Once upon a time, you’ll recall, “local newspapers were an independent check on opaque, consolidated financial and political power,” as the editors of The RoadMap for Local News put it.

“Unlike talking heads on cable news or anonymous viral Twitter accounts, local newspaper reporters adhered to professional standards of fairness, worked with editors, and checked their facts.” The growing local news vacuum is going to create “one of the great times to be a corrupt politician.”

No rose-colored glasses

Yes, we know. This paean to local news reporting also acknowledges the great frustration that comes from working with aggressively ill-informed, agenda-driven or just-plain-sloppy reporters. The mistranslations and misinterpretations in poor reporting can be damaging. No rose-colored glasses here. Every industry has bad actors.

But every community, including every healthcare organization, is better served with smart, local journalists doing their job than those without, or those that are covered from a passionless distance.

Into these news vacuums, other players with other agendas enter the conversation and act in your community largely unchecked and unaccountable.

Support your local news

The commitment to invest $500 million in local media over the next five years is a good thing, but it’s a small thing. It’s a Kickstarter, a planting of seed money to attract more money.

Newsrooms, local reporting staff and information distribution are not cheap, of course. The internet broke the traditional news business model, and a variety of new ones are being tested. The new local news may not look like the old one.

Whatever the model, invest in it. Support the local reporters, editors, videographers, bloggers and designers coming together to uniquely cover your unique community.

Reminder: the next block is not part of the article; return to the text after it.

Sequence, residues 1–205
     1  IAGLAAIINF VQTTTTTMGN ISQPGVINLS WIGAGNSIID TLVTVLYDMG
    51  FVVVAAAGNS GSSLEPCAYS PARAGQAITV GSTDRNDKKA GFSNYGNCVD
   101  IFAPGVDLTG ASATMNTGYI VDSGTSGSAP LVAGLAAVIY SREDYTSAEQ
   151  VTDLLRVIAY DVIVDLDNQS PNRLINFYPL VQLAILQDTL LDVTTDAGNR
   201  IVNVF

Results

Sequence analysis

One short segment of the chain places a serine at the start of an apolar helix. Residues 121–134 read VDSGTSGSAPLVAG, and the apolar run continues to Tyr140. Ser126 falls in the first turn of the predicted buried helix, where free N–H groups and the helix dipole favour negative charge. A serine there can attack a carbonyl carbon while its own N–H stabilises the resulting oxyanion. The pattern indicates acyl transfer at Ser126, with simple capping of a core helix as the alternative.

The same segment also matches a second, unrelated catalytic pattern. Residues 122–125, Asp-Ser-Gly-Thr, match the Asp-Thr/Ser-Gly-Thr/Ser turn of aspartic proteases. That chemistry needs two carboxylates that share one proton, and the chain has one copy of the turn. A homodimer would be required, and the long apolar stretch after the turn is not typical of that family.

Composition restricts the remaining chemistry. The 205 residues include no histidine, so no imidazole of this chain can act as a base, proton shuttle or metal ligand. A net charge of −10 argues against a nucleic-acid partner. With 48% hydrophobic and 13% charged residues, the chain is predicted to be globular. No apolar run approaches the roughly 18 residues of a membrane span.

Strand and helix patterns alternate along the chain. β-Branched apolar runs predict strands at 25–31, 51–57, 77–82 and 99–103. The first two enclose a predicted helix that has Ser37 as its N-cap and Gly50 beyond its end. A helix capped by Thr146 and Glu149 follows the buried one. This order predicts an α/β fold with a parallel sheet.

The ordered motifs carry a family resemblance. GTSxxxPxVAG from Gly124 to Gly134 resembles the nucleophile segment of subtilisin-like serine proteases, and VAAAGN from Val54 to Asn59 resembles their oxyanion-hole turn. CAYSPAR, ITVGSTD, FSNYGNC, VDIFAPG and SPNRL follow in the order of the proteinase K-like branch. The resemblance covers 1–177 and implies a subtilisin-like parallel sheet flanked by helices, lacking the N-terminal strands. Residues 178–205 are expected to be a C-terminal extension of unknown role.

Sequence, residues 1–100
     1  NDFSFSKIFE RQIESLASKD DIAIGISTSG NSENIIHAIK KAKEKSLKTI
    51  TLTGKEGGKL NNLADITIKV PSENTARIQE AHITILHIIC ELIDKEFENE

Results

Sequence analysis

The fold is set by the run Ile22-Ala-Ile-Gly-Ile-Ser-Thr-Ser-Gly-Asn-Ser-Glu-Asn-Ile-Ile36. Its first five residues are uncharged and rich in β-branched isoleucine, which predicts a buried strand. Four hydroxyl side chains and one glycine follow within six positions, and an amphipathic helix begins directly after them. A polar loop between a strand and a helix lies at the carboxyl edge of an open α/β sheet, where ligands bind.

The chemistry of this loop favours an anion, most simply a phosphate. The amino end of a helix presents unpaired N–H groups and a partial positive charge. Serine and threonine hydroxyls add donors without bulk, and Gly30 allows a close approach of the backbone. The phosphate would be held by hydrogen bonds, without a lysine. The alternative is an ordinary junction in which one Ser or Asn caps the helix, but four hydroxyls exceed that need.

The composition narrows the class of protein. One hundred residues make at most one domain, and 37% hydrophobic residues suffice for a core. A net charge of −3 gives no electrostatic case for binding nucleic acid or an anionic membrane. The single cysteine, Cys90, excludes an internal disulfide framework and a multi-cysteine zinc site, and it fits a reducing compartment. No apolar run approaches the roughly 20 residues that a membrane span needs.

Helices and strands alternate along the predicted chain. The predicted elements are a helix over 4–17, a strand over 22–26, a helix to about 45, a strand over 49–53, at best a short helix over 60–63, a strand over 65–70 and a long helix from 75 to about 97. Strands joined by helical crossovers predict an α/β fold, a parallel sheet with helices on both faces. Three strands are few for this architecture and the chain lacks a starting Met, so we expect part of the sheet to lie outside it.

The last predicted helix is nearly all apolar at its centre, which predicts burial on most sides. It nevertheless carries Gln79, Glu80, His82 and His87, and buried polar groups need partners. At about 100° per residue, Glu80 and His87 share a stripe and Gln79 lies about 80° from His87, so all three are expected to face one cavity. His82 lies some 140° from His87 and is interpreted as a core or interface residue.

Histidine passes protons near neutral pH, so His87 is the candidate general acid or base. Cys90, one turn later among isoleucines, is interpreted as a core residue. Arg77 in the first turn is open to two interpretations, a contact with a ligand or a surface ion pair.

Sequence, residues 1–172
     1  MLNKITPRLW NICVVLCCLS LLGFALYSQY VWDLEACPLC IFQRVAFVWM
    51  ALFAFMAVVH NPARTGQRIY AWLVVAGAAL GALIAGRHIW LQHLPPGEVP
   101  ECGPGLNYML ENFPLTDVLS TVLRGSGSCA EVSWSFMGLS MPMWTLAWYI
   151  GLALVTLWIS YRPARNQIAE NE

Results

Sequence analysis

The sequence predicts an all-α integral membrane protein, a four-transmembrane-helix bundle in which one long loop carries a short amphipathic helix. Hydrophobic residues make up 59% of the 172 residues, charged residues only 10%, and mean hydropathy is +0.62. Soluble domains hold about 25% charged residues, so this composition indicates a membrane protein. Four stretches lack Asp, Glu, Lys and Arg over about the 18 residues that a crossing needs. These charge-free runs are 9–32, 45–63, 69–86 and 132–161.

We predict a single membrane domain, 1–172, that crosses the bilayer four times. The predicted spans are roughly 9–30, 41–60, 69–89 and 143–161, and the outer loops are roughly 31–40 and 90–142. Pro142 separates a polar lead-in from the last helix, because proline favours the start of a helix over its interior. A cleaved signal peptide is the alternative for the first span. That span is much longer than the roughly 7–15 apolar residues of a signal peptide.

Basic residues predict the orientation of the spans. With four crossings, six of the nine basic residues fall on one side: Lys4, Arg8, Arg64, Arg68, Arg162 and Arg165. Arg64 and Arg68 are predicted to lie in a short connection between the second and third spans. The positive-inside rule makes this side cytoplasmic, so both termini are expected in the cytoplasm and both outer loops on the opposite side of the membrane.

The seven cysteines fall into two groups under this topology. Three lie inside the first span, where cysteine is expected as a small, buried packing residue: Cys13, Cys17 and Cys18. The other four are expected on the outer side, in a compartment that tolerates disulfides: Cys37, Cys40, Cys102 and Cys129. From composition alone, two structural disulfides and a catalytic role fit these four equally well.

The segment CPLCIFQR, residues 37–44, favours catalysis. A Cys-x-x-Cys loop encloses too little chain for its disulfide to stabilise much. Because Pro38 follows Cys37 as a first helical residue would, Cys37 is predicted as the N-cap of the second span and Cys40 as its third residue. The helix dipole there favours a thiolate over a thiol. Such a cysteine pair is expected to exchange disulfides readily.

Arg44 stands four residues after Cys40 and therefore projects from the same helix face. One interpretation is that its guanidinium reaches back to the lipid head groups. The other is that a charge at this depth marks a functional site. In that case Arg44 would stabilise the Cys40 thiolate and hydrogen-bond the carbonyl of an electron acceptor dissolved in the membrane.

How, you ask?

  • Money. Invest a portion of your advertising spend and sponsorship dollars in local journalism.
  • Time. Invest your precious time (and it is precious) with local reporters and editors not only to tell your story, but to hear about the issues important to them and their audiences. Give journalists – and the audience they represent – the gift of your attention.
  • Partnership. Good reporting can include the facilitation of important, community-wide dialogues on topics of broad concern. As appropriate to your mission, join local news efforts to create a welcoming public square for the sharing of ideas and the formation of community.

It’s not a panacea, but good local journalism can be an active counteragent to the considerable communications challenges we face and key to building the community we all want to enjoy. Through your support, you can nurture opportunities for trusted conversations that can only happen close to home, where you may need it most.

And that’s a good story.